When Fortune magazine asked former CEO of PepsiCo, Indra Nooyi, what the most important leadership advice she received, she said, “Whatever anybody says or does, assume positive intent.” It’s easier and beneficial to engage in candid conversations when you assume the best intentions.
Reflect on how to have good intentions
Learning how to have good intentions while being candid is fundamental in developing and honing your leadership skills. Start by simply taking a moment to reflect.
Do you think there is power in assuming good intentions?
Exercises to help you have good intentions
Now, it's time to put your reflection into action. Finding opportunities to implement your leadership skills can allow you to have good intentions while being candid.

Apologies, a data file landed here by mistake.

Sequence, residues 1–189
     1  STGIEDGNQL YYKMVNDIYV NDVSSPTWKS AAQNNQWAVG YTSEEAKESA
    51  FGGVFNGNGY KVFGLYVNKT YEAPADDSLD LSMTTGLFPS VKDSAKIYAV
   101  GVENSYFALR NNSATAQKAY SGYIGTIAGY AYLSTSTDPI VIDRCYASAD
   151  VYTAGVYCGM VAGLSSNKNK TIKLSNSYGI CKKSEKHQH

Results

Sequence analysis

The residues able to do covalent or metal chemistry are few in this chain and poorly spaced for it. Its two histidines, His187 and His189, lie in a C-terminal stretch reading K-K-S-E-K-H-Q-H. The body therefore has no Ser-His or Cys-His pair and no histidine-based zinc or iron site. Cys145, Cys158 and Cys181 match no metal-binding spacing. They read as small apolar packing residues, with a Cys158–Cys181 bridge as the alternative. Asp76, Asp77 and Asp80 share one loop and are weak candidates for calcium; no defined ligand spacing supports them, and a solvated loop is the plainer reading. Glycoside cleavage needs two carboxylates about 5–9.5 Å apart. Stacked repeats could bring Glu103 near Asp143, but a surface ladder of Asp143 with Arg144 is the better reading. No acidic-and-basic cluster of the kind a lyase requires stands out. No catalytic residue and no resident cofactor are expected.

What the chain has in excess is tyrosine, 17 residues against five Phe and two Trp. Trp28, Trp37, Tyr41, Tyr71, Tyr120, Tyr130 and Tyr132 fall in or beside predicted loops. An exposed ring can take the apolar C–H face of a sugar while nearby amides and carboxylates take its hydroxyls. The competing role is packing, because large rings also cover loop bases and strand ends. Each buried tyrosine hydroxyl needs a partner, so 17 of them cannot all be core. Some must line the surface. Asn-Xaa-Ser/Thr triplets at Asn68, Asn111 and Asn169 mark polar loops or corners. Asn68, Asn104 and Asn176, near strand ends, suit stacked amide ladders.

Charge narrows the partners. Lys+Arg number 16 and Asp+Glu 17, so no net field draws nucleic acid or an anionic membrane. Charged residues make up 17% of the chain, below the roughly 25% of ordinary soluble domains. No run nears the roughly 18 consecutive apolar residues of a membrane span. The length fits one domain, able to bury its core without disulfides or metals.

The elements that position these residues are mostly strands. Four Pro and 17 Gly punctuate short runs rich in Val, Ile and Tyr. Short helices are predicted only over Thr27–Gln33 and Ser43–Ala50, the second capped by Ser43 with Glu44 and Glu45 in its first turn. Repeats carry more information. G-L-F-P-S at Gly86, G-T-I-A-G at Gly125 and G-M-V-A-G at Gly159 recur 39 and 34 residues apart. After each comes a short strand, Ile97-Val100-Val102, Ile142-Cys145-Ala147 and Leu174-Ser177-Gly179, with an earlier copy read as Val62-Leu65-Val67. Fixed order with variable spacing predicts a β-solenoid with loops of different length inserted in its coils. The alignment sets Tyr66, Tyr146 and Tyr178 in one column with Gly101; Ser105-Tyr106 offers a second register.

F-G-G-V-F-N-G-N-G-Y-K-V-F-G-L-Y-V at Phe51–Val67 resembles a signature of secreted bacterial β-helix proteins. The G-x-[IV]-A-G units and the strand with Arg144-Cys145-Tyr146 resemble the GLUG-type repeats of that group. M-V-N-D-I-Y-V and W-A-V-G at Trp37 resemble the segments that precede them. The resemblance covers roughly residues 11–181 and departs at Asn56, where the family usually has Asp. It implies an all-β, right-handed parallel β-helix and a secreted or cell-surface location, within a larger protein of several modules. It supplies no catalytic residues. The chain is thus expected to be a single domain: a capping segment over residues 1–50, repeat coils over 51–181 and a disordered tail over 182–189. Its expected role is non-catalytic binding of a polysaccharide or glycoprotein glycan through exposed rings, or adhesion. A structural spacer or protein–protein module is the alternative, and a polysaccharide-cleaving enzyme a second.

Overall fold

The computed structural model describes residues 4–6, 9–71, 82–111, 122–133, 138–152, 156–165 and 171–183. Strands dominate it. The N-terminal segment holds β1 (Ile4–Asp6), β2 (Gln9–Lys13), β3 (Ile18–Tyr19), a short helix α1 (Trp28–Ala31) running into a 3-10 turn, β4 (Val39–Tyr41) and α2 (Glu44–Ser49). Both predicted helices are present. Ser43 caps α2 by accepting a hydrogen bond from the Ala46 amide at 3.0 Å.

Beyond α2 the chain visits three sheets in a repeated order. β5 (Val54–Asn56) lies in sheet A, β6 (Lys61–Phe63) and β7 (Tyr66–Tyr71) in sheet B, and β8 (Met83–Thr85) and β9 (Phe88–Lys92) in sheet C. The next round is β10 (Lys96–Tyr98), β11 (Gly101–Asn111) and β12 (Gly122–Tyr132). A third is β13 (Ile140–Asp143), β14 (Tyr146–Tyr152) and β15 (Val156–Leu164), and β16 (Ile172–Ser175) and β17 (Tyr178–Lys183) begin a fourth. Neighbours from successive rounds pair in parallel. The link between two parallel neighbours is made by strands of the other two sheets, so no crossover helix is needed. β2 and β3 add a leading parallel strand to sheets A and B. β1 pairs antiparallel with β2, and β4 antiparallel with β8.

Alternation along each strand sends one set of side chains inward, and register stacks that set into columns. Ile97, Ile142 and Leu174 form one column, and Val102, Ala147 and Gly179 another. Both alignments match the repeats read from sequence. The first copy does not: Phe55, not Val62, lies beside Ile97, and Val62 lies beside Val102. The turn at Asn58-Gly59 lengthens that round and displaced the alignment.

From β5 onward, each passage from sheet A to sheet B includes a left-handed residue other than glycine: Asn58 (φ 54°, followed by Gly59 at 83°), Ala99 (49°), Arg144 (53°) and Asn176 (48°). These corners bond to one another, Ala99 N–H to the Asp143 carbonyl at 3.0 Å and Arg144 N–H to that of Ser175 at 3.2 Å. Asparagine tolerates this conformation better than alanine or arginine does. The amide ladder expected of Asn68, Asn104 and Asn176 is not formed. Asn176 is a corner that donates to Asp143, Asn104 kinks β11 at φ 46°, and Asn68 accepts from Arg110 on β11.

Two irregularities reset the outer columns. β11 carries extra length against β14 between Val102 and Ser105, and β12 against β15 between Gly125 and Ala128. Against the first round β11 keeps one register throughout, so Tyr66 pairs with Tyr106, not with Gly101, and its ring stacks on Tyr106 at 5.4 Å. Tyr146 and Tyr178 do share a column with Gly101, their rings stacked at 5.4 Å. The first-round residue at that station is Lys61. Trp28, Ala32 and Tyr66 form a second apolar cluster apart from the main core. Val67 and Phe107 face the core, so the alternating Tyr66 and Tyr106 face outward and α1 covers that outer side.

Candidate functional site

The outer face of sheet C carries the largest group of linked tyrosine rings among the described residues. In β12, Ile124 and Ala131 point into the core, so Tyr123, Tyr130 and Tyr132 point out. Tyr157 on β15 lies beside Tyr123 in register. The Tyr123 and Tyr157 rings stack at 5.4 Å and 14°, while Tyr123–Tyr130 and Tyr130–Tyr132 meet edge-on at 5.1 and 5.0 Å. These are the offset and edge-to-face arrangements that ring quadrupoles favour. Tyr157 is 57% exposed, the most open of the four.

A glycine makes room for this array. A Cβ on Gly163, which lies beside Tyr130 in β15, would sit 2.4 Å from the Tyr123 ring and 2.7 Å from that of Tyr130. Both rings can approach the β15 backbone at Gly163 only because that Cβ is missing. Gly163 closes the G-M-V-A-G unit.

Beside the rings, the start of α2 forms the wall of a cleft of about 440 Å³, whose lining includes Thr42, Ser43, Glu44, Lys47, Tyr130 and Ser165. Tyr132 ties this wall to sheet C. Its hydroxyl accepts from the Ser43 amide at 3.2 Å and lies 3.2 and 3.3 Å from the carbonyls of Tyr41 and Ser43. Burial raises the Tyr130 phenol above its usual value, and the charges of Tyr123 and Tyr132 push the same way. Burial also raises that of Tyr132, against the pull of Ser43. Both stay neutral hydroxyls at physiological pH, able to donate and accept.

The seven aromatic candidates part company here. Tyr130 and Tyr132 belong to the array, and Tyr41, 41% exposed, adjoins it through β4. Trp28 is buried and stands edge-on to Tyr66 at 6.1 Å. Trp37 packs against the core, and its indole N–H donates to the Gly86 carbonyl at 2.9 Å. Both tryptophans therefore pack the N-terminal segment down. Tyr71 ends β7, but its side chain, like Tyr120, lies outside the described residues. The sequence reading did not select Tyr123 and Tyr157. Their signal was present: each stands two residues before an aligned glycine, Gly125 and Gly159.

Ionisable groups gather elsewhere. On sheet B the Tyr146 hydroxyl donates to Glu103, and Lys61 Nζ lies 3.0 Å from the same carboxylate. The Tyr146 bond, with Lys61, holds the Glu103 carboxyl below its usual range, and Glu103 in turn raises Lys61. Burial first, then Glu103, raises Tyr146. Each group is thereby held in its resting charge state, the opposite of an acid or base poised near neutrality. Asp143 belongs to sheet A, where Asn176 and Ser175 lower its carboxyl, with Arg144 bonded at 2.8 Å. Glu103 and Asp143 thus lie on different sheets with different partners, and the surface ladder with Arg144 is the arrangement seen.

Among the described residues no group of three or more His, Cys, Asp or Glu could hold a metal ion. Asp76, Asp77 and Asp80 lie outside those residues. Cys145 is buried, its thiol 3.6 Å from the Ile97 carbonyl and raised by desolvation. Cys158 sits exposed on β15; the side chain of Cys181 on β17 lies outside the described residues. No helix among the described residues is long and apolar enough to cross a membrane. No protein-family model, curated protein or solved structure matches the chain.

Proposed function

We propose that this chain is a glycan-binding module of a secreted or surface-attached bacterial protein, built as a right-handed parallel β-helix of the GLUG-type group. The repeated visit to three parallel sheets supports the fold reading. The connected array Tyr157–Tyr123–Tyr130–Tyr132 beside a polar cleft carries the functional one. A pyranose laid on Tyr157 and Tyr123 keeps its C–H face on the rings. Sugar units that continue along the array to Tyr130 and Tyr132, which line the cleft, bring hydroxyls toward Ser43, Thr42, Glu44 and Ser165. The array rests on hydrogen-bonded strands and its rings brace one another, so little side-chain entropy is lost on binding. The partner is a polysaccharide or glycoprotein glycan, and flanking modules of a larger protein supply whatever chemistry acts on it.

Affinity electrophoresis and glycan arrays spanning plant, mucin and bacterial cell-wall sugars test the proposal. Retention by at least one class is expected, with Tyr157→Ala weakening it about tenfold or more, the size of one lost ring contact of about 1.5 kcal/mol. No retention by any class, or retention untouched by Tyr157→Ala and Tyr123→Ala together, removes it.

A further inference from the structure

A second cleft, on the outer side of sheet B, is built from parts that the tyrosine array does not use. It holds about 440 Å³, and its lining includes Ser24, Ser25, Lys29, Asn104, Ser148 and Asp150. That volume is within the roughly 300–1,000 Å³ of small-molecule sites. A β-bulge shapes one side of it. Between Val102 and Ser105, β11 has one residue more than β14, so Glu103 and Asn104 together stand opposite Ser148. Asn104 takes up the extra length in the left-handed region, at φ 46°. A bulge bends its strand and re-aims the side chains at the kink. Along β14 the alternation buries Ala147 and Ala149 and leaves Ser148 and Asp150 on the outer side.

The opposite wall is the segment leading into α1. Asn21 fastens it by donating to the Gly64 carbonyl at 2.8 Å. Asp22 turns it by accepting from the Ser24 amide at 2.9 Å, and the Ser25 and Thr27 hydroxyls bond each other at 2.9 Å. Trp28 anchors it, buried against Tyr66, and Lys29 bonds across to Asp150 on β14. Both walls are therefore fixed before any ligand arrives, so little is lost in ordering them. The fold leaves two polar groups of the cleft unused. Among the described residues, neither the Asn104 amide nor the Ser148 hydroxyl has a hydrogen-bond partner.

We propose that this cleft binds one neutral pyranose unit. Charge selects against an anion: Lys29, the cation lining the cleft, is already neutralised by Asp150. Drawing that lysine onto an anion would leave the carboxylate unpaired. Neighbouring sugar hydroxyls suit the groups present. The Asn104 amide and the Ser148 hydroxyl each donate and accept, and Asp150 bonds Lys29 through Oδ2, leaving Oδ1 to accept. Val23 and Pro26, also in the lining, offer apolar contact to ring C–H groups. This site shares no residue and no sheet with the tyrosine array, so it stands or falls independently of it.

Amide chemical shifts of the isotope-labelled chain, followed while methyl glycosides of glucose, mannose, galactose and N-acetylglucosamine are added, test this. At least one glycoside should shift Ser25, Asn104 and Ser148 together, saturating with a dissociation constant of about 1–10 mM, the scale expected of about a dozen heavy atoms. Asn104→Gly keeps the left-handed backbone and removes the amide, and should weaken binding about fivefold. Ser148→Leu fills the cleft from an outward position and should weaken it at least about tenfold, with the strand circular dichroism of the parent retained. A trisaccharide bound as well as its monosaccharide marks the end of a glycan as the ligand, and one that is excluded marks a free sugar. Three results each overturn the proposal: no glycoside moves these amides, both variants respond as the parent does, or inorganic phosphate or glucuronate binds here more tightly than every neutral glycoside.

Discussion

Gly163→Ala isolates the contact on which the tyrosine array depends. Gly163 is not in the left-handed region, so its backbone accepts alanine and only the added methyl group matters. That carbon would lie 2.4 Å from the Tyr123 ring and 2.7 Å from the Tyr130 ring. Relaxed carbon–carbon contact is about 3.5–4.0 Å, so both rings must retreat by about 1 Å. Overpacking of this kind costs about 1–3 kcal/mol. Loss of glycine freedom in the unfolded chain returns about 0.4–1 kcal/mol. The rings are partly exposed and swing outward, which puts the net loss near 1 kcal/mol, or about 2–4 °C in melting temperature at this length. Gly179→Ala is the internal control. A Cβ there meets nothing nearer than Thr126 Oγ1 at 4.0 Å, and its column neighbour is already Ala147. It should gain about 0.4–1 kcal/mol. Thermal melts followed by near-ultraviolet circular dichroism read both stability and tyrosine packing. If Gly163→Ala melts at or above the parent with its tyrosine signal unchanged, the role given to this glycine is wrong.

- Give your peer the benefit of the doubt when giving feedback. Take into account external factors that may be impacting your peer’s performance.
- Verbalize your intentions before a difficult conversation. Share your purpose for the meeting. Consider: “I’d like each of us to address our concerns about...” Then ask your peer what they’d like to get out of the conversation.
- Be direct and empathetic when giving feedback to your teammate. After you relay the feedback, reassure them: “Everyone makes mistakes. We all deserve a second chance.”
Additional resources to help you have good intentions
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